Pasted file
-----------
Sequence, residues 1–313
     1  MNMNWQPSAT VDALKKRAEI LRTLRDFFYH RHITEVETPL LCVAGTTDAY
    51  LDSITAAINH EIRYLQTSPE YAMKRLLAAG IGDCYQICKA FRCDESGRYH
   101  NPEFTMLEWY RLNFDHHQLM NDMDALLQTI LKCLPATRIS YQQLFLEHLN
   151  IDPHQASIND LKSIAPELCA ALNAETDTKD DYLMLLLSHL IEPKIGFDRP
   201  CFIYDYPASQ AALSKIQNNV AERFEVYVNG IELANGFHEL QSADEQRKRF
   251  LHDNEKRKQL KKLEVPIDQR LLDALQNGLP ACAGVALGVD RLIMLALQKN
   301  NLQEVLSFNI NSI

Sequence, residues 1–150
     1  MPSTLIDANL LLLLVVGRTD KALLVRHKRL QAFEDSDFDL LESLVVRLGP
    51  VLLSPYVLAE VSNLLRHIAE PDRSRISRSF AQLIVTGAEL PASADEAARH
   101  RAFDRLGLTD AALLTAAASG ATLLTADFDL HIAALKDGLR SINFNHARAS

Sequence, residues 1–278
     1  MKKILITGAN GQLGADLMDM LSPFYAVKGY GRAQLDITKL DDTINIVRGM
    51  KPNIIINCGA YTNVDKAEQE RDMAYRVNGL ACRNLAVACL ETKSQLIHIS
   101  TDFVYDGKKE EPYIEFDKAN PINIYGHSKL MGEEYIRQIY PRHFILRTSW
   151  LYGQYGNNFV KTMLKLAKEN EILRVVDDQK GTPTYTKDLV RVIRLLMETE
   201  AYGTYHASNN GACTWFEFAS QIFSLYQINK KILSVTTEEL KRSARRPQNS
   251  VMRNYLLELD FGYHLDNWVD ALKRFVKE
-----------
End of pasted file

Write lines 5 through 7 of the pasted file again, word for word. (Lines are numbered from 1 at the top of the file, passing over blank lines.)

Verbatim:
   151  IDPHQASIND LKSIAPELCA ALNAETDTKD DYLMLLLSHL IEPKIGFDRP
   201  CFIYDYPASQ AALSKIQNNV AERFEVYVNG IELANGFHEL QSADEQRKRF
   251  LHDNEKRKQL KKLEVPIDQR LLDALQNGLP ACAGVALGVD RLIMLALQKN